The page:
Here’s an email I received from my dad Last January 15 which he sent to some of my relatives and to the egroups of his PMA Class 71 Mistahs, another example of his good sense. I think I should learn how to do this but just reading the words ‘stock exchange’ makes me gag.
“Below is a summary of my experiences in earning extra income, past and present. I hope they could be of help to you and your family somehow. Happy New Year!
Buying Insurance for Security
Last year, I e-mailed our family experience as flood victim.
As sequel, one month after filing insurance claim, we received P431,000 from the AFPGIC last November 2009. By the first week of December, our house was completely renovated as planned. Damaged appliances were replaced with new ones. The above amount was sufficient to defray all the repair expenses. The cost of insurance I paid against flood for one year : P300.
While, still in the military service, I bought whole-life insurance packages which are still in effect and could be surrendered if I want to avail of the cash surrender value.
World in Financial Crisis? Good! Go to Retail Stock Trading
I am also sharing my experience and some lessons learned from experimenting/attempting to be one of more than 440,000 retail stock traders in the Phil. Stock Exchange (PSE).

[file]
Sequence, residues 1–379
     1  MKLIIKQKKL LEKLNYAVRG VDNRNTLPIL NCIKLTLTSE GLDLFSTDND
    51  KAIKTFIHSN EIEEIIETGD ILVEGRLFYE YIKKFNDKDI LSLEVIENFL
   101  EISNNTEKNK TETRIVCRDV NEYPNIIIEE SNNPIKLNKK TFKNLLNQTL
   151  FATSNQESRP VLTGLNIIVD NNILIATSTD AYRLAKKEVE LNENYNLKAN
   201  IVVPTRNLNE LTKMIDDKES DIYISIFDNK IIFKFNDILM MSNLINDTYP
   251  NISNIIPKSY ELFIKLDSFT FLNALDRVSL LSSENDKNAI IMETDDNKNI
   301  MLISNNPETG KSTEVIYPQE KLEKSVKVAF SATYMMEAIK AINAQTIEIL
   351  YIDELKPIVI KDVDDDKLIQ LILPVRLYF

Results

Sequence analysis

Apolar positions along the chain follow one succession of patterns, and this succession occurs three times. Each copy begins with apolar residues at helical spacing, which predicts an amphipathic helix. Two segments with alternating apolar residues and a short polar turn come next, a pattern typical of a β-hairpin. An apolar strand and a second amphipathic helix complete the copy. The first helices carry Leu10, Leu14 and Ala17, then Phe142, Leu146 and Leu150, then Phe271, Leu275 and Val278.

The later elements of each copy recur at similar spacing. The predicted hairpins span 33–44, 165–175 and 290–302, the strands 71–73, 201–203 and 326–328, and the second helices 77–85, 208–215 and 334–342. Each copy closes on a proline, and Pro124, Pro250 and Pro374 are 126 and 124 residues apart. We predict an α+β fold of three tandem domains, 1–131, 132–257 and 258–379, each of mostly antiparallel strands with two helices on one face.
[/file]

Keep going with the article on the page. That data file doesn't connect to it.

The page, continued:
Sometime in the first week of December 2008, I learned from Jun Abueg (PMA Class 74), that electronic stock trading in RP is already available; hence, one need not call up the broker to trade. With P25,000, one could open an account with a broker, then through computer, he may research on any firm listed at the PSE and buy or sell stocks through computer during trading hours.
That time I assumed that stock prices had gone down so low that there was no way for PSEI but to go up. I also wanted to find out if my “ways” as a government bureaucrat could be successfully applied in business. The decision on what to buy/not to buy, when to buy, what/when to sell, etc., is the sole responsibility of the individual trader. I also wanted to find out if in adversities there could be opportunities.
I opened my account at P50,000. My “inaugural trade” was “buy” 1000 shares of PNB at P14 per share. Gradually, I increased my investment by increment of P50,000, biweekly/monthly such that after one year in December 2009, my actual investment reached P1,050,000. ( Its opportunity cost was only 5% per annum, the interest rate at AFPSLAI and PNSLAI for savings deposit.) As of December 29, 2009, the last trading day of the year, the portfolio was worth P1,583,157.04 or net market gain of more than P553,000. (As of 14 Jan 2010, the portfolio was worth more than P1.620 million). From hindsight, had I been more aggressive and invested P1 million at once, it could have more than doubled one year after to, say, P2.0 to P2.5 million.
The two-year trend of the PSEI shows that my initial assumption in Dec 2008 was correct (that our local stocks had nowhere to go but up which was actually more than 60% in 2009). For 2010, I assume that the PSEI will still be on the uptrend, barring any unusually adverse economic condition in RP. However, the slope of the annual trend in 2010 may not be as steep as in 2009. Thus, I intend to continue with the experiment in trading but will be more selective in the firms where I could invest more.